Andy Puzder: Impeachment far less important than economy in 2020 presidential election

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Democratic Party leaders are unsure they have a candidate who can beat President Trump in 2020. Fidelity Investments’ 2020 New Year Financial Resolutions Study did little to assuage their concerns.

According to the study, 82 percent of Americans say they’re in a similar or better financial position this year than last while 78 percent believe they will be better off in 2020 than they were in 2019. Those are daunting numbers for Democrats.

Despite all the talk of a looming recession, Americans seem more convinced by what they are experiencing than by what the left is telling them. Only 23 percent included “the economy, stock market volatility, or interest rates” as top financial concerns for 2020. Their biggest financial concern (51 percent) was an “unexpected expense.”

It’s safe to say that Americans expect things to go pretty well next year. That makes the Democrats’ call for an immediate change in leadership a tough sell. When it comes to winning a presidential election, it’s hard to overcome a thriving economy, particularly one that is benefiting just about everyone.


People with jobs are certainly feeling optimistic, and they should. According to the Fidelity study, 23 percent of Americans said they were in a better financial situation today because they “got a new job or received a promotion,” 15 percent said they “received a bonus,” and 25 percent said they were “working more hours.”

Keep in mind that November was the 16th straight month that the Bureau of Labor Statistics reported 3 percent or better year over year wage growth.

People without a job have good reason for feeling optimistic about getting one. According to the Bureau of Labor Statistics’ recently released report on Job Openings and Labor Turnover, there were 7.3 million job openings in October. With only 5.9 million people unemployed, there were 1.4 million more job openings than people actively looking for work.

It was the 20th consecutive month in which job openings have exceeded people unemployed. For 16 of the last 17 months, there have been over1 million more job openings than people unemployed.


Job creation under President Trump is benefitting a broad cross-section of people including those who traditionally have had higher rates of unemployment. We are currently at or near historic lows in unemployment for blacks, Hispanics, Asian-Americans, women, people with only a high school education, veterans and people with disabilities.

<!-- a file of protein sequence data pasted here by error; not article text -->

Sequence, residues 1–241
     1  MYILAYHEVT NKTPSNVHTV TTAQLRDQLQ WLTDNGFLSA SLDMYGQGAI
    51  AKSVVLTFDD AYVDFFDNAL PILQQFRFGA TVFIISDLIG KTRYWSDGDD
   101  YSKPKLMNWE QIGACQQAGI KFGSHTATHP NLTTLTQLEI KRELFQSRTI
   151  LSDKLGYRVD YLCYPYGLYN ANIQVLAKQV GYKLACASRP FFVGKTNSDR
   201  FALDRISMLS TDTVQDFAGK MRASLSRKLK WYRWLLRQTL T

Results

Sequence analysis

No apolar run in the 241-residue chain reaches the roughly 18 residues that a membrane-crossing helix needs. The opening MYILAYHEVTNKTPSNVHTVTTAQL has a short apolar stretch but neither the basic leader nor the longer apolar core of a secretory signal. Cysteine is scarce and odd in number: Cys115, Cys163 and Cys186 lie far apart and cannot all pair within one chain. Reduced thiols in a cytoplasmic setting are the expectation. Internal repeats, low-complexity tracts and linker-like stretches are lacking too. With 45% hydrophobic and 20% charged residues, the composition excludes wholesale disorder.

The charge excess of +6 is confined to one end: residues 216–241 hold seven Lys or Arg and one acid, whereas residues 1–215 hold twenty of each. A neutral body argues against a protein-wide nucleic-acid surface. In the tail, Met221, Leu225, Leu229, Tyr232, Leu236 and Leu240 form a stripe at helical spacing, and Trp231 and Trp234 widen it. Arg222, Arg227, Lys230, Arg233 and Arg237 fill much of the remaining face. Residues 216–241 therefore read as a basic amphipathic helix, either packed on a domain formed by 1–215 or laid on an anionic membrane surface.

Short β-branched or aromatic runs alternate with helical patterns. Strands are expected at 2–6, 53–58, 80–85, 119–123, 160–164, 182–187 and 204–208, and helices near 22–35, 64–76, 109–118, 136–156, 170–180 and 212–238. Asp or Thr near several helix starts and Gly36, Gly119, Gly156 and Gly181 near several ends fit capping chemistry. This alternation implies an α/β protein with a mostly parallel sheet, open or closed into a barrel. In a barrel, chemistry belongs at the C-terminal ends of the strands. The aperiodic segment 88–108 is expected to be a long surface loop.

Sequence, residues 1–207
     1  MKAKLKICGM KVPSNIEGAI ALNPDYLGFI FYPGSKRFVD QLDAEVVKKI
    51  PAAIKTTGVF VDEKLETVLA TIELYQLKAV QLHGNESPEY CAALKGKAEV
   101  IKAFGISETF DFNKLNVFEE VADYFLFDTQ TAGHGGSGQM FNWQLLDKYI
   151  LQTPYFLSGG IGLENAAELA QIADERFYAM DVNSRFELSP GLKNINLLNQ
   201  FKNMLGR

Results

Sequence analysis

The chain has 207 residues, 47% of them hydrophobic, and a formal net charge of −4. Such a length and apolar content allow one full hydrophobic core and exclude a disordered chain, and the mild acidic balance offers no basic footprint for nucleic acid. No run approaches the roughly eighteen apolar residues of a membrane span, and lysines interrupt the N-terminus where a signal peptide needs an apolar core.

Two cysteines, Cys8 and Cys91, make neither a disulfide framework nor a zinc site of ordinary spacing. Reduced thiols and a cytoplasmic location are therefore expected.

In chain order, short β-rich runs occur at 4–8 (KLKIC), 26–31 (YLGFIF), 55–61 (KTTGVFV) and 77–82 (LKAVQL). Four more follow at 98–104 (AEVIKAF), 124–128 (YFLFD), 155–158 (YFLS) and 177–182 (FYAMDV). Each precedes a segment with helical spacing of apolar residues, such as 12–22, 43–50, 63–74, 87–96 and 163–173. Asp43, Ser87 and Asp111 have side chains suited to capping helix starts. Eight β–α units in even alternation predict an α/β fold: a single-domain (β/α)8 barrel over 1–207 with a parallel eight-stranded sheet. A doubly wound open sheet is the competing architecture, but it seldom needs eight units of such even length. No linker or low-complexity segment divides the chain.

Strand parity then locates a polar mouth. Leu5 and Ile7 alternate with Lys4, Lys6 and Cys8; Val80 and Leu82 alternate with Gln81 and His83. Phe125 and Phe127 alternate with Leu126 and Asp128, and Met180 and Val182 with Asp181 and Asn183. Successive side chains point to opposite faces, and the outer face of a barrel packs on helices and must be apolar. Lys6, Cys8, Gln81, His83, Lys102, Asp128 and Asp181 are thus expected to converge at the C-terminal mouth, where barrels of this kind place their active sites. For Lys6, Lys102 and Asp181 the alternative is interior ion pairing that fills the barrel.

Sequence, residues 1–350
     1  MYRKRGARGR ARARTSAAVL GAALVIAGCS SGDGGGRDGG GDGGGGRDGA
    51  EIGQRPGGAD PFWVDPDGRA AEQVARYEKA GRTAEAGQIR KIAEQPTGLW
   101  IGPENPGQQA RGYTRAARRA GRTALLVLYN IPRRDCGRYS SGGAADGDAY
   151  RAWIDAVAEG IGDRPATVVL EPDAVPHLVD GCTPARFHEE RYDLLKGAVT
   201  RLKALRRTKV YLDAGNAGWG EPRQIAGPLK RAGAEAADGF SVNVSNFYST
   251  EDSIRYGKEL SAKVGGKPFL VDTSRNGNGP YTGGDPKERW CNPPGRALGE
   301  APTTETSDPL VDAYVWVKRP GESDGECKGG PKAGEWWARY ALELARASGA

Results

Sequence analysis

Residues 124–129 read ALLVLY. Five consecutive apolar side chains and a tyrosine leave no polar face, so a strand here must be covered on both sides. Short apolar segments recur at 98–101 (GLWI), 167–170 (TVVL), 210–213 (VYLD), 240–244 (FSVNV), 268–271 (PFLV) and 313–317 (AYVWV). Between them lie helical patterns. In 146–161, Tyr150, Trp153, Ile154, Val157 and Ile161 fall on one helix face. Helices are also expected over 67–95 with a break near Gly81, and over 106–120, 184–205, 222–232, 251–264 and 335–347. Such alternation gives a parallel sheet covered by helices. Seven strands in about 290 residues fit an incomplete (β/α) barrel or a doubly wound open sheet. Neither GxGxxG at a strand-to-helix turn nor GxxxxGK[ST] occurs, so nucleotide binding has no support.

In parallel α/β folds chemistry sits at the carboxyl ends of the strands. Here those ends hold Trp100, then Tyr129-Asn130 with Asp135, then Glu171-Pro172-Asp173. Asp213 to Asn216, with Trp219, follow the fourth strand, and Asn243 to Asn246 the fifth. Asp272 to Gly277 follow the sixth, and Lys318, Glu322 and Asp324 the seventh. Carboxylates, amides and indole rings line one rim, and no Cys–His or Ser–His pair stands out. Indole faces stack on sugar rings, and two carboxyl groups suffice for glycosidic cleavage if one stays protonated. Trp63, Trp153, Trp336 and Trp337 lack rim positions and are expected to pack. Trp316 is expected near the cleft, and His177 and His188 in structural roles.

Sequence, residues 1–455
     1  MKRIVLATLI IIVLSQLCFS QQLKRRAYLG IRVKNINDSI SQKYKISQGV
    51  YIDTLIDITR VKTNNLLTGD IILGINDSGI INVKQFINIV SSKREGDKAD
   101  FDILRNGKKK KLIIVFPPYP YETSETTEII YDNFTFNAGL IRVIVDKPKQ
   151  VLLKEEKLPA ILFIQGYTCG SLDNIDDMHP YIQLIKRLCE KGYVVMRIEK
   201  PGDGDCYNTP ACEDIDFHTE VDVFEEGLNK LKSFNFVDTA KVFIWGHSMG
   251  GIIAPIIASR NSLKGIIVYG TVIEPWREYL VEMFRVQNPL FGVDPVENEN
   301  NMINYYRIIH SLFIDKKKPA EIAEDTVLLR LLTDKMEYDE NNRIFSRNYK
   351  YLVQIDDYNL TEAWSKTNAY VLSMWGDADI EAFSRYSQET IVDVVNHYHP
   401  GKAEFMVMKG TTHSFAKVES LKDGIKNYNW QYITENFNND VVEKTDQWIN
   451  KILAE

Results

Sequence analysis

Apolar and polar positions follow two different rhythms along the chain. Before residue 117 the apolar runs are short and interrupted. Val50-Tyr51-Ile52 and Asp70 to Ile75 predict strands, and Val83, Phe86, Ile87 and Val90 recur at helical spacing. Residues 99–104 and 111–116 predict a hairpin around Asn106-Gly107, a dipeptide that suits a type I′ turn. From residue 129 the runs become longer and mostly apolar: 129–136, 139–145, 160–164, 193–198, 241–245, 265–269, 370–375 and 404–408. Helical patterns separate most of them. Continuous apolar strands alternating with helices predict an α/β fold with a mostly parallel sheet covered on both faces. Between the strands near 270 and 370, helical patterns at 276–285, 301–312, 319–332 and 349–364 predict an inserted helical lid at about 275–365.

Bottom line, if you want a job, there’s a job opening for you.

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What about individuals who are retired so neither employed nor looking for work? Well, if they have a pension plan or have a 401K plan, their retirement benefits are likely tied to the stock market. Since President Trump’s election, the Dow is up over 50 percent while the S&P 500 is up nearly 50 percent. Retirement benefits are far more secure today than when Trump took office. Retirees tend to notice that kind of thing.

If you’re concerned about income inequality, there’s good news here as well. According to the survey the Census Bureau regards as the leading source for national data on income and poverty, income inequality declined in 2018 following the Republican tax cuts. In fact, using what the Census Bureau calls the “equivalency measure.” which factors in household size when measuring income inequality, it declined “statistically significantly.”

This should come as no surprise. The wage gains American workers are experiencing under Trump are primarily going to workers, rather than managers. In 2018, workers’ wages increased by 3.5 percent while managers' wages increased by 2.5 percent.

Things look even better in 2019. Through November, workers’ wages have increased by 3.7 percent while managers' wages have increased by less than 1 percent. We won’t know for sure until next September, but no one should be surprised if income inequality continues to decline in 2019. Notably, those numbers will be out before the November election.

So, with Trump’s economic policies producing a historically robust job market, increasing wages, dynamic stock market growth and declining income inequality, what are the Democratic candidates for president offering in response?

As you watch the Democratic debates, see if candidates explain how they will encourage entrepreneurs to invest in growing their businesses, as well as create jobs and the competition for employees that drive wage growth and opportunity for working Americans.

If past debates are any indication, they won’t. Rather, you will hear about massive government programs such as the Green New Deal, “Medicare-for-all,” free college and universal basic income — and the astronomical increases in government spending required to pay for them.


Where will that money come from? A few candidates will admit they want to raise taxes for everyone. That admission didn’t work so well for Walter Mondale, who lost in a landslide to Ronald Reagan in 1984. So, most will claim they only want to increase taxes on “the rich” — by which they mean the very businesses and individuals who are creating the jobs and paying the wages that have nearly 80 percent of Americans believing they will be better off in 2020 than they were in 2019.

So, forget about the Mueller report, FBI abuse and impeachment debacles. This election will be about who working-class Americans trust with their economic futures. Really, it’s not a tough choice.